“Of all your loves mention only the marriage/of all your children only those who were born” writes Nobel Laureate Wislawa Szymborska in one of her most famous poems, Pisanie życiorysu (“Preparing a Curriculum Vitae“).
Indeed, the fundament of writing a good resume rests on the unspoken rule of omitting anything that didn’t go as planned, or didn’t become a success. The time you got fired, the projects that got rejected, the million average ideas you had—in just a page or two, there’s little interest in hearing about that.
This does not mean those aren’t important experiences. Understanding this, Johannes Haushofers, a Princeton professor of Psychology and Public Affairs, decided to post, alongside a traditional résumé, a “CV of Failures.”
Haushofers compiled a list of his academic failures, organized under sections: “Degree programs I did not get into;” “Academic positions and fellowships I did not get;” “Awards and scholarships I did not get;” “Paper rejections from academic journals;” and, “Research funding I did not get.”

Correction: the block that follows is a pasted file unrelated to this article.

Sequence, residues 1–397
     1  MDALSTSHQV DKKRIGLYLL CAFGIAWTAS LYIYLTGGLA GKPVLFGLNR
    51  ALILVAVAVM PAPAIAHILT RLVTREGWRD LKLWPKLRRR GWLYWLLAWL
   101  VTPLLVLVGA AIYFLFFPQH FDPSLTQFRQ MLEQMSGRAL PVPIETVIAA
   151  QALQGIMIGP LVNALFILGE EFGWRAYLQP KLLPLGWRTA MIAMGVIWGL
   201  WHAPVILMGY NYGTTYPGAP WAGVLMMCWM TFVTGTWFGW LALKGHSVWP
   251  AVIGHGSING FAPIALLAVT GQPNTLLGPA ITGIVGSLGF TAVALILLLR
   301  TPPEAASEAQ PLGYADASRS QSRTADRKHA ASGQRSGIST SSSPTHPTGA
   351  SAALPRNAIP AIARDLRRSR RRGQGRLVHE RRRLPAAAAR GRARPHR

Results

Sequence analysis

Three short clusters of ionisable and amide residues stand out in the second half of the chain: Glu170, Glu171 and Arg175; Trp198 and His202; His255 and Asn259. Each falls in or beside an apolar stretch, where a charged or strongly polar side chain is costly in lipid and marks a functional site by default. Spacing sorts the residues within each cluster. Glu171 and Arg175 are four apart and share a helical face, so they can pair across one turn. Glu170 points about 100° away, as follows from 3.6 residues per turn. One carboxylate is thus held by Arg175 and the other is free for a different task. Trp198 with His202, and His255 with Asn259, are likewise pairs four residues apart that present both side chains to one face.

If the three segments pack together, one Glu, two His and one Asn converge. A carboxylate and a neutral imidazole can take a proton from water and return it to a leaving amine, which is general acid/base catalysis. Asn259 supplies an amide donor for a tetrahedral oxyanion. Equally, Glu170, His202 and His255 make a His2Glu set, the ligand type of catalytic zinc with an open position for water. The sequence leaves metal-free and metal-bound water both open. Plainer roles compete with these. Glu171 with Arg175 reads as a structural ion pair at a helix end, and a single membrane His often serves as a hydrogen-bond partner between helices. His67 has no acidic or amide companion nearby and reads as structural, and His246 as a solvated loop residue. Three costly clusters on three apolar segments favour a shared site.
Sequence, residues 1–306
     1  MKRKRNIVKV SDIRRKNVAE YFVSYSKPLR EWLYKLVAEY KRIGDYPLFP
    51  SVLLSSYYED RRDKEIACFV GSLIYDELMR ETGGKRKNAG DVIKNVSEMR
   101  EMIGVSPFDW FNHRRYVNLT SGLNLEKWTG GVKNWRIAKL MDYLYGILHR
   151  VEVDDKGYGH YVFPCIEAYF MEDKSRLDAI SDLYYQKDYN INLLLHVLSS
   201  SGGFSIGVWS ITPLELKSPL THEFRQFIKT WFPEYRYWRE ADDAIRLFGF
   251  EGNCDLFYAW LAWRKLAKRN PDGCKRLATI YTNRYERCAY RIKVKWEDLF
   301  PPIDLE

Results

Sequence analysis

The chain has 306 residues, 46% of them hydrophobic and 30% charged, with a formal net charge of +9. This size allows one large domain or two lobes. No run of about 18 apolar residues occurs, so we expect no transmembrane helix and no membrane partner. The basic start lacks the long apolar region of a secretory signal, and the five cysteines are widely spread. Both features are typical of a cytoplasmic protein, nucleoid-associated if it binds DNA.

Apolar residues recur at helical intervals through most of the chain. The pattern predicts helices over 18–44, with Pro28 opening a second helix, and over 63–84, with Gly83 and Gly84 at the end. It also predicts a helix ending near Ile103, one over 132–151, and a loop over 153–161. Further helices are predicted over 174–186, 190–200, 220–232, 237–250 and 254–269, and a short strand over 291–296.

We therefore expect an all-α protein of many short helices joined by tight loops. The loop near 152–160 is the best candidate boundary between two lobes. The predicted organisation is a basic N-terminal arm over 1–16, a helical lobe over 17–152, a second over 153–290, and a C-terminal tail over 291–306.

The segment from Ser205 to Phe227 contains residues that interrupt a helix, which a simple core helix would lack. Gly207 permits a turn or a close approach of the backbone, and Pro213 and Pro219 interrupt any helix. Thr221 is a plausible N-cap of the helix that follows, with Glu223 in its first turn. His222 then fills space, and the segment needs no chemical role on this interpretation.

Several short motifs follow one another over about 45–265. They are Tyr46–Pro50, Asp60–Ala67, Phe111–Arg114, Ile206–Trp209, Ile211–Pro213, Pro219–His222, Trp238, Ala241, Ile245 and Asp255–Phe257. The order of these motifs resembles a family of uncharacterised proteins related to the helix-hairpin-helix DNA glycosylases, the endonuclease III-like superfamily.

“Most of what I try fails,” Haushofers writes in the introduction to his resume, “but these failures are often invisible, while the successes are visible.” People may think they fail because something is wrong with them, he writes, and not that failures and setbacks happen to everyone. “The world is stochastic, applications are crapshoots, and selection committees and referees have bad days,” he writes.
His experience is in academia, but his observations apply everywhere. While failures are often glorified, particularly in the startup world, few people are willing to list theirs.
The world needed this CV so much that it got Haushofers an unprecedented amount of attention. Or, as he writes in the updated version of the CV (which has a sixth section):
2016: This darn CV of Failures has received way more attention than my entire body of academic work.